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ERIC Number: EJ1056735
Record Type: Journal
Publication Date: 2015-Mar
Pages: 13
Abstractor: As Provided
Reference Count: 68
ISBN: N/A
ISSN: ISSN-0278-7393
The Effect of Processing Fluency on Impressions of Familiarity and Liking
Westerman, Deanne L.; Lanska, Meredith; Olds, Justin M.
Journal of Experimental Psychology: Learning, Memory, and Cognition, v41 n2 p426-438 Mar 2015
Processing fluency has been shown to have wide-ranging effects on disparate evaluative judgments, including judgments of liking and familiarity. One account of such effects is the hedonic marking hypothesis (Winkielman, Schwarz, Fazendeiro, & Reber, 2003), which posits that fluency is directly linked to affective preferences via a positive emotional reaction that is triggered by fluent processing. The evidence supporting this account suggests that fluency may exert a stronger influence on affective judgments than other judgments. The current study compared the effect of fluency on judgments of familiarity and liking. Contrary to predictions, liking judgments were not more strongly affected by fluency than familiarity judgments. In fact, the balance of the results showed the opposite pattern. When the type of judgment was manipulated between subjects (Experiment 1) or in a blocked design (Experiment 2), fluency had comparable effects on impressions of liking and familiarity. But when the type of judgment was manipulated in a mixed design (Experiments 3 and 6), or when both familiarity and liking judgments were given for all items (Experiments 4 and 5), only familiarity judgments were affected by the fluency manipulation. The dominance of the familiarity interpretation was found when fluency was manipulated artificially, via priming, and when inherent variations in fluency across the stimuli were considered. These results suggest that, within a given context, participants adopt a single interpretation for fluency, and the sense of familiarity that arises from fluent processing overshadows the sense of positivity, thus questioning aspects of the hedonic marking hypothesis.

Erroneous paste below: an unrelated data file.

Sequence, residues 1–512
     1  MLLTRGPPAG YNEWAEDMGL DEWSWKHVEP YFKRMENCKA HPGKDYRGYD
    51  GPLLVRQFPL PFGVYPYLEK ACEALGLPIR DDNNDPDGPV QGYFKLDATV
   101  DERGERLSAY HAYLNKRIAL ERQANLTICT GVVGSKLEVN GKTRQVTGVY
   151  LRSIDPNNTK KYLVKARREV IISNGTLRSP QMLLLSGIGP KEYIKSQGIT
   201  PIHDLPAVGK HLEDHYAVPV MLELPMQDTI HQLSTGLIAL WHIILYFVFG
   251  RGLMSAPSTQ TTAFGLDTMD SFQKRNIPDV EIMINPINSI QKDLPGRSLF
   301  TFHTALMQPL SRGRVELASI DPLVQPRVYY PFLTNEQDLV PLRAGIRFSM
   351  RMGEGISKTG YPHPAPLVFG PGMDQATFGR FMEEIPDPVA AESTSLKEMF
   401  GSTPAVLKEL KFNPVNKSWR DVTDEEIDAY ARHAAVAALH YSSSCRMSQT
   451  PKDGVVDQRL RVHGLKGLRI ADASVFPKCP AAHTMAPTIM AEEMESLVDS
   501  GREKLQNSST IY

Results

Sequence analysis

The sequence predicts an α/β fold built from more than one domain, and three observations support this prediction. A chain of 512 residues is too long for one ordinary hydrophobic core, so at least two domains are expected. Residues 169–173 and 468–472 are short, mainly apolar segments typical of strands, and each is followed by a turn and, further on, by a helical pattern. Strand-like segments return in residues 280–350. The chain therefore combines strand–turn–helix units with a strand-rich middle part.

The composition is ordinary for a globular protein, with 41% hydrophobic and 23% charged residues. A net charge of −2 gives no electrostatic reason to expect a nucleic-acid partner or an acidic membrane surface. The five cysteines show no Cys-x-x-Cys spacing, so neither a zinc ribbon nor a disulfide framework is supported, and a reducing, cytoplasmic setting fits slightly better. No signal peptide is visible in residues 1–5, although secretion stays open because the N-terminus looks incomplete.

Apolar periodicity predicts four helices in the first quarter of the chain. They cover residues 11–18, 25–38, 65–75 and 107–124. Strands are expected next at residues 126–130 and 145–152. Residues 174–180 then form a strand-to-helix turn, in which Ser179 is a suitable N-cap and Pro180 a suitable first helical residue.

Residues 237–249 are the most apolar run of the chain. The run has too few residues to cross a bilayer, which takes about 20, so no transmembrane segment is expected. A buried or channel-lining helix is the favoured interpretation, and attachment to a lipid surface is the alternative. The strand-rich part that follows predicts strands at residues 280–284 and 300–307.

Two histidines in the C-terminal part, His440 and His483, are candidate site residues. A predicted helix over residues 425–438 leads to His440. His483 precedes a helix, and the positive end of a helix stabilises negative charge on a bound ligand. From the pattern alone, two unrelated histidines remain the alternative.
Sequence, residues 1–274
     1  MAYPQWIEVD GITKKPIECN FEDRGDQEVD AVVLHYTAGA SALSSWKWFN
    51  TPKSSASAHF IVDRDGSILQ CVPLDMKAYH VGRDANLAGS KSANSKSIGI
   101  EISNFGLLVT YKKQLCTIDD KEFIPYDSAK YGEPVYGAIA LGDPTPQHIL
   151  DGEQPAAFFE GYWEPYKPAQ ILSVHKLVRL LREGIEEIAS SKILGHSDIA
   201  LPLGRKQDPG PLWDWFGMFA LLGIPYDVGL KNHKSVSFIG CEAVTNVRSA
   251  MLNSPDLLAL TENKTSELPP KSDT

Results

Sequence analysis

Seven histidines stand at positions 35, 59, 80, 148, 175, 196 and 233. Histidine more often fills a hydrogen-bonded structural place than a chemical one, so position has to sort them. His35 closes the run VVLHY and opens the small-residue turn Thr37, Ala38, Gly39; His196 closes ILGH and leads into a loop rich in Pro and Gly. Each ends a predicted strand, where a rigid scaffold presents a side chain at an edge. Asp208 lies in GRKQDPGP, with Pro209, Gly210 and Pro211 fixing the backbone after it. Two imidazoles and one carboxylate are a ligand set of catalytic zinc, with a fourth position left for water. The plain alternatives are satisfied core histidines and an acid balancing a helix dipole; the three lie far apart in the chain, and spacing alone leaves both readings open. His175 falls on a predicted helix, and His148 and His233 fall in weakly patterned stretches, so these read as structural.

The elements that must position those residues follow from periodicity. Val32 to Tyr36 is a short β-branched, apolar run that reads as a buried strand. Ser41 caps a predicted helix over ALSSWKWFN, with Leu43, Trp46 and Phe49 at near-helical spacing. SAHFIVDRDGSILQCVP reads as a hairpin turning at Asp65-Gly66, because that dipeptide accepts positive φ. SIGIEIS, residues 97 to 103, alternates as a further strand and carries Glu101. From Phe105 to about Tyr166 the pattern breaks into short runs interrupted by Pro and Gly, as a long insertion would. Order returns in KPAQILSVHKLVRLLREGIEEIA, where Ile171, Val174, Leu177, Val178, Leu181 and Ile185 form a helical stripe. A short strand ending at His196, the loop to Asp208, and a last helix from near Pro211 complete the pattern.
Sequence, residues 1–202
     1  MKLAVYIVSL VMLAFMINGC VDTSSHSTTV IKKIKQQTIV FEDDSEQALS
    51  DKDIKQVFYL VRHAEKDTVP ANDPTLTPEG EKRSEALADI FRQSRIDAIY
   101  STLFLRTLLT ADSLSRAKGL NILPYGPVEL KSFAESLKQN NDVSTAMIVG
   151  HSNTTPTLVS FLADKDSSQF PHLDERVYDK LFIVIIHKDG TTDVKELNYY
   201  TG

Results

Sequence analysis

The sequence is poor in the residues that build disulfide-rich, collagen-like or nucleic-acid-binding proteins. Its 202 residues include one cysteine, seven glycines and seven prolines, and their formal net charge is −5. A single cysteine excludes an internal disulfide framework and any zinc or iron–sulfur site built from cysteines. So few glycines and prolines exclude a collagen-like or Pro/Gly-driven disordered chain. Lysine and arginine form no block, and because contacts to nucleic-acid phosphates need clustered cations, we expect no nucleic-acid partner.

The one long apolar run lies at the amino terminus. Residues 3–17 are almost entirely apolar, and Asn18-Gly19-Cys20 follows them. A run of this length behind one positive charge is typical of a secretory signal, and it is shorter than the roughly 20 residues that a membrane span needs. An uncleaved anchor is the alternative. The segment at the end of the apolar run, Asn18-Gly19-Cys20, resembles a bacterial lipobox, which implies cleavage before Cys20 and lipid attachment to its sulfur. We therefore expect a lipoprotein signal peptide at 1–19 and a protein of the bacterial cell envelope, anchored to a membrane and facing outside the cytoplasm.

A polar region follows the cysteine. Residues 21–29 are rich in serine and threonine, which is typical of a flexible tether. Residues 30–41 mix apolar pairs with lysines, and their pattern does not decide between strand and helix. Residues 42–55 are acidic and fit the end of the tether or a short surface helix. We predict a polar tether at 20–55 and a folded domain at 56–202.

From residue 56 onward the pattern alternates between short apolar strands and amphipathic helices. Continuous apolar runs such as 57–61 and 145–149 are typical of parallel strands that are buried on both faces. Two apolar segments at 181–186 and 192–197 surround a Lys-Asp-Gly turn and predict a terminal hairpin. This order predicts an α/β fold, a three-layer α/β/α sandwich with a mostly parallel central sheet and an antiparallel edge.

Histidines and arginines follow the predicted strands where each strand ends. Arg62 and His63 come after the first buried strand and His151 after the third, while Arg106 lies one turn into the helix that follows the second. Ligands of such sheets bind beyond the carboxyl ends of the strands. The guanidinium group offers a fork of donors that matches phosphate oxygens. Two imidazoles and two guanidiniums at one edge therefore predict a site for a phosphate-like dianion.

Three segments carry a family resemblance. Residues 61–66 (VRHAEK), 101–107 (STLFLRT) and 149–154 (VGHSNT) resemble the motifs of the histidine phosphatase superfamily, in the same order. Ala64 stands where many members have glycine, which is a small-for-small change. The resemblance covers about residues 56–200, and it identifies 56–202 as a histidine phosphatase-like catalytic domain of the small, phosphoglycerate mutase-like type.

American Psychological Association. Journals Department, 750 First Street NE, Washington, DC 20002. Tel: 800-374-2721; Tel: 202-336-5510; Fax: 202-336-5502; e-mail: order@apa.org; Web site: http://www.apa.org
Publication Type: Journal Articles; Reports - Research
Education Level: Higher Education; Postsecondary Education
Audience: N/A
Language: English
Sponsor: N/A
Authoring Institution: N/A
Identifiers - Location: New York